State v. Kittelle, 110 N.C. 560 (1892)

Feb. 1892 · Supreme Court of North Carolina
110 N.C. 560


Agency — Liquor, Sales to Minors — Dealers Criminally Responsible for Acts of Agents.

A liquor dealer is criminally responsible for the unlawful sale by his agent of liquors to minors, although such sale may have been against his instructions and without his knowledge.

Shepheed, J., dissenting.

This was an indictment for selling intoxicating liquor to a minor, tried before Meares, J., at January Term, 1892, of the Criminal Court of Mecklenburg County.

The defendant Kittelle was, at the time of the alleged sale, the proprietor of the Buford Hotel, in Charlotte, and of the bar connected therewith. The defendant had two clerks in his bar-room. Shuman testified that he was a minor and unmarried, and that one of the clerks sold him beer, but he could not state which one it was,'and that Kittelle was not present when he bought the beer. The defendant Kittelle testified that he had given his clerks “special instructions not to sell liquor to minors, or on Sunday, and otherwise to comply with the law.” That he closely scrutinized the conduct of the clerks, and if liquor had been sold to Shuman, or to any other minor, it was done “without his knowledge, in violation of his instructions and against his wishes.” Kittelle was a licensed retailer. This was the substance of the evidence.

The defendant Kittelle requested the Court to instruct the jury that if his clerks had sold liquor to the minor Shuman, without defendant’s knowledge, in violation of his instructions and against his wishes, they should acquit him. The prayer was refused, and the Court charged the jury that if they found that either of the clerks had sold to Shuman, *561they should convict the defendant Kittelle. Defendant excepted. Verdict, judgment, and appeal.

The Attorney General, for the State.

Messrs B unveil & Walker, II. C. Jones and Osborne & Maxwell filed a brief for defendant.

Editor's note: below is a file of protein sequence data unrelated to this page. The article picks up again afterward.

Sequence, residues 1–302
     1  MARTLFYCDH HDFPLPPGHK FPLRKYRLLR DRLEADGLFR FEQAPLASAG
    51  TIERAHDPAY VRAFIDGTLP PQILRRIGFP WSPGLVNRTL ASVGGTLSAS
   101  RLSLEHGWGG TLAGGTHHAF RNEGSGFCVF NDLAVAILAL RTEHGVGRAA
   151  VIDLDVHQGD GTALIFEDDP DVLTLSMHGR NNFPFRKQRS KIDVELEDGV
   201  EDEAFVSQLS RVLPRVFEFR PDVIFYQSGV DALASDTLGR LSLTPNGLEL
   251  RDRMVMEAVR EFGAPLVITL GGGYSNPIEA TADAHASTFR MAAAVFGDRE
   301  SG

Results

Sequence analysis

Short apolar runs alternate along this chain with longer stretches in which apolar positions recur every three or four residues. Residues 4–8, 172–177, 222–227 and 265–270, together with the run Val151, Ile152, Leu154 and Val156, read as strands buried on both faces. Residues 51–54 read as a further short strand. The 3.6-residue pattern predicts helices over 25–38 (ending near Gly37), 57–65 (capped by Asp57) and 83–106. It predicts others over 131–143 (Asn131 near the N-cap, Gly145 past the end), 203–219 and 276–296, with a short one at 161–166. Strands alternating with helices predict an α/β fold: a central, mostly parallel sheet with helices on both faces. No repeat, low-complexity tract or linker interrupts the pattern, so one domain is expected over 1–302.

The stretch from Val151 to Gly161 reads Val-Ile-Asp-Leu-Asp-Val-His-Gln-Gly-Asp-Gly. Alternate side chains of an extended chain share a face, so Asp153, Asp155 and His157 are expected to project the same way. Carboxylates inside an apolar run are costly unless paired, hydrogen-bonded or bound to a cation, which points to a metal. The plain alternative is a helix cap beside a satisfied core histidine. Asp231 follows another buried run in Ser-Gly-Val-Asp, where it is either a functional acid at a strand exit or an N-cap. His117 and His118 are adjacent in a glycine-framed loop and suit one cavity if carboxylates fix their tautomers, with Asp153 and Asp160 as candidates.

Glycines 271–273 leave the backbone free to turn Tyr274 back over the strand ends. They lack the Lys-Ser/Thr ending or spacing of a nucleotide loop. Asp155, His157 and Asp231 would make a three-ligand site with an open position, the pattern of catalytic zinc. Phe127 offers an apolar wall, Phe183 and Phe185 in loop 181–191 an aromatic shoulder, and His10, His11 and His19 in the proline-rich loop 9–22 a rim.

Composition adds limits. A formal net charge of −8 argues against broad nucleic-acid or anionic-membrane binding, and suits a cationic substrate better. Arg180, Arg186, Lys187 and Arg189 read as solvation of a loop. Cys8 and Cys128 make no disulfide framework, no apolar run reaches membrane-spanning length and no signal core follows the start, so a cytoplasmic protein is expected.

Clark, J.:

The Code, §§1077 and 1078, makes it a misdemeanor for any dealer in intoxicating liquor to sell directly or indirectly, or give away such liquor to any unmarried person under twenty-one years of age', knowing such person to be under that age, and that such sale or giving away shall be prima jade evidence of such knowledge, and further, that the father, mother, guardian or employer of a minor to whom intoxicating liquor shall be sold or given away, may maintain an action for exemplary damages, and that in no case can the jury award the plaintiff a less sum than twenty-five dollars.

The defendant contends that no one can be held criminally liable for an act which is done without his knowledge or consent. This is' the strength of his contention. It is, in substance, that guilt cannot be attributed to him in this matter, because guilt consists in the intention, and that he had no intention to violate the law, because he neither knew of nor consented to the sale. Tnere is, however, a well-defined distinction between those acts which are criminal only by reason of the intent with which they are done, and those in which the intent to commit the forbidden act is itself the criminal intent. As to this very matter of the sale of spirituous liquor to minors, it has often been held that the lack of intention to violate the law did not exculpate,.if, in fact, the defendant did the act, or authorized it to be done,, which constituted a breach of the law. State v. Wool, 86 N. C., 708; State v. McBrayer, 98 N. C., 619; State v. Scoggins, 107 N. C., 959; State v. Lawrence, 97 N. C. 492; *562 Farrell v. State, 30 Am. Rep , 614, and numerous cases cited in the notes thereto.

A principal is prima facie liable for the acts of his agents done in the general course of business authorized by him, as where a bar-keeper sells liquor, or a clerk sells a libel, or prints one in a newspaper. 1 Whar. Cr. Law, 247, 341 and 2422. And a vendor of spirituous liquors is indictable for the unlawful sale by his agent employed in bis business, because all concerned are principals. 2 Whar. Cr. Law, 1503. In Carroll v. The State, 63 Md., 551, it is held that if, in the oonduct- of the business of selling liquors, a prohibited sale is made by the agent to a minor, the principal cannot shield himself from liability on the ground that his agent violated his general instructions, and did not inquire, or was deceived by the purchaser as to his age; that while deriving profit from the sale, the principal cannot delegate his duty to know that the purchaser is a lawful one to the determination of an agent and be excused by the agent’s negligence or error; that intention not being an essential ingredient of the offence, the principal is held bound for the acts of his agent in violation of law while pursuing his ordinary business as such agent; being engaged in business where it is lawful to sell only to such persons as are not excepted by law, it is his 'duty to know when a sale is made that it is to a properly situated person, and therefore it is his duty'to trust nobody to do his work but some one whom he can safely trust to discharge his whole duty, and if he does not do so, the law holds him answerable. The same is held in State v. Denson, 31 W. Va., 122; State v. Dow, 21 Vt., 484; and to the same •effect are numerous other decisions. 11 Am. & Eng. Enc., 718.